Professor Lopez’s article makes a tremendously valuable contribution to the literature on transitional justice. Her diagnosis of law’s foibles, and her proclamation of the potential of collective memory, is sterling. She has the courage to offer some remedial responses. Her article is a rich base for a symposium.

For me, her piece opens two shutters. The first is architectural. The second is discursive. (more…)

LJIL Symposium: International Criminal Law and Moral Agency

by Mark Drumbl

[Mark A. Drumbl is the Class of 1975 Alumni Professor of Law and Director of the Transnational Law Institute at Washington and Lee University School of Law.]

This post is part of our symposium on the latest issue of the Leiden Journal of International Law. Other posts in this series can be found in the related posts below.

Darryl Robinson is among the most exciting thinkers currently engaged with international criminal law (ICL). In his latest piece, the subject of today’s discussion, he surveys the field. While much of academic work is given over to exploiting fissures and wedges, Darryl yearns for compatibilities. Ever the optimist, he searches for bridges and synergies.

Darryl – rightly, I think – notes that ICL’s roots lie in a teleological formalism. Motivated by the very human impulse to pursue accountability for the equally human impulse to inflict great harms, the formalists established the foundations and charted the territory. Celerity was the name of the game; time was of the essence. But making sense of the macabre isn’t easy, so the formalists soon had to contemplate instrumental short-cuts. One of these, as Darryl identifies, was to the principle of legality. Acting in the name of the law necessitated diluting the purity of the law. Retroactivity, duress, specific intent, and the causality of contribution became viewed as vaguely inconvenient instead of centrally constitutive.

These compromises, in turn, spawned a second wave of scholarship, which Darryl describes as the liberal critique. This critique recovered the value of legality for ICL. Its advisories, however, also risked rendering the system unworkable, too exigent, and somewhat unwieldy. This critique may have overemphasized general principles of law drawn from ordinary systems, rather than built lex specialis for violence in extremis.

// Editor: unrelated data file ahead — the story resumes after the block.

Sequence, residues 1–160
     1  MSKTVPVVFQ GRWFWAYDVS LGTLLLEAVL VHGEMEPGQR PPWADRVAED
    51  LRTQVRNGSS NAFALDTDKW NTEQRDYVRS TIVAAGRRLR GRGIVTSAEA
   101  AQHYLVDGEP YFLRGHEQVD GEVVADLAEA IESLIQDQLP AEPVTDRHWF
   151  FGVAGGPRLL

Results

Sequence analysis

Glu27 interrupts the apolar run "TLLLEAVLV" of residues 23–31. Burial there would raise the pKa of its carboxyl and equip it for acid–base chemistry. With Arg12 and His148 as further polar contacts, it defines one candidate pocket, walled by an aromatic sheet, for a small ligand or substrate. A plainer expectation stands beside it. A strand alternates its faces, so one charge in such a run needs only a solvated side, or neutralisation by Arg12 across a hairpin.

A third critique then emerged, which Darryl portrays as the critique of the liberal critique. This critique – in which Darryl generously incudes my own efforts – intimates that the collective nature of atrocity is such that compromises to liberal legalism, while not necessarily justifiable, are eminently understandable. In this regard, the critique of the liberal critique could be seen as coming full circle and supporting the work, and the compromises, of the formalists. Alternately, the critique of the liberal critique could be seen as nihilistic – nothing works, so let’s do nothing. But neither caricature gets to the heart of the critique of the liberal critique. The focus of this critique is on methodology and ordinality, that is, questioning why the criminal law should be such a primadonna in the pursuit of post-conflict justice. This critique does not suggest inaction but, rather, exceeding present efforts and, in addition, working differently. This critique begins with an epistemological inquiry: from where do we know what we know about mass atrocity? It ends with an assumptive challenge: why is it, exactly, that we believe that the criminal law has so much to offer and yields such a high return on an at times astronomical investment?


LJIL Symposium Vol 25-3: Good Deeds of International Defendants: Grace, Goodness, Greed: Saving While Killing

by Mark Drumbl

[Mark A. Drumbl is Class of 1975 Alumni Professor of Law & Director of the Transnational Law Institute, Washington and Lee University School of Law]

This post is part of the Leiden Journal of International Law Vol 25-3 symposium. Other posts in this series can be found in the related posts below.

International criminal law reclines upon simple binaries: good/evil – for instance – as well as authority/helplessness and perpetrator/victim. Victims, however, can victimize. And, correlatively, perpetrators can both kill and save at the same time. Perpetrators may do so selflessly at great risk to themselves or selfishly at great benefit to themselves. Or they may do so impulsively – perhaps with no discernible motive at all. In Roman Polanski’s The Pianist, Itzhak Heller, a Jewish ghetto police guard, suddenly pulls the protagonist Władysław Szpilman out of a line of detainees forced to board a train to Treblinka. Heller, derided for having badly beat up Jews, risks death to save Szpilman – but only Szpilman, who himself is far from heroic – from death.  The scene ends. The audience is left hanging in the characters’ “grey zone”. Why did Heller do that? And why Szpilman?